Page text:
SOME DAYS ARE BORN OF SORROW.
“The path of sorrow, and that path
Leads to the land where sorrows are unknown.”
“Through sorrow’s night, and
Amid the deepening gloom,
Ye children of a heavenly king
Are marching to the tomb.”
H. KIRKE white.
It is a destiny, that every life be, to a greater or less degree, fraught with that heart-purifying element, which we term sorrow. And who would have it otherwise? Who would glide passively along the bright river of smiles, without one taste of that chiefest of disciplines, sorrow? How grateful should we be to Him who has permitted us to drink of the same cup with his only Son! for he was a “man of sorrows, and acquainted with grief.” Who is so blind that will not see the kind designs of our Father, in the disposition of those works of his hands which he pronounced good. Truly His eye is all-seeing; the overflow of his tender mercies toward the children of men are unbounded. What cell of goodness is there within the human heart, of which the breath of sorrow cannot raise the valve? In a word, what countless numbers of souls have been stayed in their mad career, have been saved from eternal destruction, through the chastening rod of the Lord.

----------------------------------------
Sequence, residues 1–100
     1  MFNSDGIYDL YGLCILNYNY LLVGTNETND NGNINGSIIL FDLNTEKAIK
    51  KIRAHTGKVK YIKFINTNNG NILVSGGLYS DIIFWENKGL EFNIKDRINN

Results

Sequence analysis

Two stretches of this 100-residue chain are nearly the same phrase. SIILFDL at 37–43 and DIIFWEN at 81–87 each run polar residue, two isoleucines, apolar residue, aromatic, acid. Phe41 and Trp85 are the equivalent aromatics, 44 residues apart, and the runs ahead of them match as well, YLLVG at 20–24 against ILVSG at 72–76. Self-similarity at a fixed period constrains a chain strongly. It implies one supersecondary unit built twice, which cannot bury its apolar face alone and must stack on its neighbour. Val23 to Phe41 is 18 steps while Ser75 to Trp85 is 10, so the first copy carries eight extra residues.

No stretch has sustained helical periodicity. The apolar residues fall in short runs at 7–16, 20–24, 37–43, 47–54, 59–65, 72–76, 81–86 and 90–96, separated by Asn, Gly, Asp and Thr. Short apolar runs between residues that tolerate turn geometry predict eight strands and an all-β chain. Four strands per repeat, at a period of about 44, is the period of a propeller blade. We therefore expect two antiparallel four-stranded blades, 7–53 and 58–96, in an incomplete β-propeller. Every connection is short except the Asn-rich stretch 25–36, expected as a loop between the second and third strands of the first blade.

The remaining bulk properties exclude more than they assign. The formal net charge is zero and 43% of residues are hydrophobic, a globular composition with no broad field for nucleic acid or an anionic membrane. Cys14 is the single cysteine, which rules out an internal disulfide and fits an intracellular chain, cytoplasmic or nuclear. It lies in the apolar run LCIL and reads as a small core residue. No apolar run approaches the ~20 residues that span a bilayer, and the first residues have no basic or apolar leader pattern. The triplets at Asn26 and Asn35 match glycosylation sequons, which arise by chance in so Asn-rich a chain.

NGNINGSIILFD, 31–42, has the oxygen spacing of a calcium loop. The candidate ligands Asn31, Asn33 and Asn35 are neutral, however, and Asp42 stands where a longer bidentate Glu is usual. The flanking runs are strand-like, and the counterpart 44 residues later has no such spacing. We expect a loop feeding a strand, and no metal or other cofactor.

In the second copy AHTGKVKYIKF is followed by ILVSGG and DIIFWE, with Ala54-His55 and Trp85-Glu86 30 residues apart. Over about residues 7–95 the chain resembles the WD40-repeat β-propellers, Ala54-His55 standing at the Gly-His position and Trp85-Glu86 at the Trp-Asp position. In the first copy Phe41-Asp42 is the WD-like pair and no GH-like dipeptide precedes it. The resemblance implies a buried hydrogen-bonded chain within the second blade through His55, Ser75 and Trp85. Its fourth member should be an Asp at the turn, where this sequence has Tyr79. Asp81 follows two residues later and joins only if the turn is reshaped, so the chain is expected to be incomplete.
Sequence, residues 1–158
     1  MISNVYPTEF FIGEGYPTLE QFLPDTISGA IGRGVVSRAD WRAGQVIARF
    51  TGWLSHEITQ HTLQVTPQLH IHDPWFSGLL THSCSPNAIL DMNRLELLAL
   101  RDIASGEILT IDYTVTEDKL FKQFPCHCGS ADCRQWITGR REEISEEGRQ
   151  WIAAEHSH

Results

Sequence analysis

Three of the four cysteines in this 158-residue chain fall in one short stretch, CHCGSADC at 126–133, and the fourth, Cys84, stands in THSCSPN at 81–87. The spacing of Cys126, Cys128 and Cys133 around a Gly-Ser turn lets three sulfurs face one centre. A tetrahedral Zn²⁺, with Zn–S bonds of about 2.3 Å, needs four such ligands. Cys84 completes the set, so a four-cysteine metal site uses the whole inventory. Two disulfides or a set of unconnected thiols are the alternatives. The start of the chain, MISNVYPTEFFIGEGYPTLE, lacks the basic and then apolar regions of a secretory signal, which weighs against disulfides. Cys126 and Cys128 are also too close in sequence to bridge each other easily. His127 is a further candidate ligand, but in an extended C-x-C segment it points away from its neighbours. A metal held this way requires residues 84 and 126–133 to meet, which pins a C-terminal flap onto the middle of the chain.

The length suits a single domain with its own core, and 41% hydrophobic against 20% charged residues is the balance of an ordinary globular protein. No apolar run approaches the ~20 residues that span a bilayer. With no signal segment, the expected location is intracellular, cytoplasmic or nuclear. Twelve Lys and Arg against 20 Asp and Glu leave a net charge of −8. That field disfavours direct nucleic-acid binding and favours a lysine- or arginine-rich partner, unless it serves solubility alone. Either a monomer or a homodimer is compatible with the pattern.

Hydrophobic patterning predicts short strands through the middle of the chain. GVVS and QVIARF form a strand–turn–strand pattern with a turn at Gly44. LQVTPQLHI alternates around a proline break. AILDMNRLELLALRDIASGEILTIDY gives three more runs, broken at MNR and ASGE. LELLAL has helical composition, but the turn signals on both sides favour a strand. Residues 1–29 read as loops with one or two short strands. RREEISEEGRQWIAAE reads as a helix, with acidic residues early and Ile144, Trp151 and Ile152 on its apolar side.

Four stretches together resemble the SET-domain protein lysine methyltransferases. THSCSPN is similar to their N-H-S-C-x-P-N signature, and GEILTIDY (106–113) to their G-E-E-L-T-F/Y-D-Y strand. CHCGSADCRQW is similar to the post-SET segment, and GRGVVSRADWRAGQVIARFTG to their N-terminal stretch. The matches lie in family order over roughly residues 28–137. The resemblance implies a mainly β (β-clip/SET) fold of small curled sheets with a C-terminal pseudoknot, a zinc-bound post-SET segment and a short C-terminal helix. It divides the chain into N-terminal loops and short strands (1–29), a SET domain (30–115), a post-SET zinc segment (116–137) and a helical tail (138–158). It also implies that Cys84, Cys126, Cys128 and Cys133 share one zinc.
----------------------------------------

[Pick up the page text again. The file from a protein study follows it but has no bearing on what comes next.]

It was the morning after the sailing of the Nautilus; the Sea-flower had arisen with the sun, and calling for old Nep, as was her wont, to accompany her on her morning’s walk, she tripped lightly along, humming a farewell to the last altheas, as they nodded their shrivelled heads, in view of their departure; but their words of adieu were made brief, by a voice as of one in distress; and coming near, it proved to be the musical Vingo, trilling the wild melodies of his old Virginia days.
“Good morning, Vingo; you must have been up a long time to have been away down to the shore; you must take it easier, and get more sleep. Even old Nep dislikes to leave his warm kennel this cool morning, for he did not come at my call, and so I would not disturb him.”
“Ah, missy, de old fellow am getting along in years as well as de rest ob us; and if it wasn’t for de gray hairs, dat will keep at de top ob de heap, in spite ob ebery ting, I should feel dat old age am coming wid long strides, when I see dat de wee bud ob de Sea-flower am almost in bloom. But see here, missy,” said he, holding up a fresh cod which he had taken, “I’m tinking dat make massa Harry’s eyes sparkle.”
It was the hour for family prayers.
“Had you not better go to Harry’s room, dear, and see if he is ill this morning? he is unusually late,” said Mrs. Grosvenor.
“I tink de fragrance ob de salt water about dat cod fetch him soon,” remarked Vingo, endeavoring to smooth his face into a proper state of sobriety.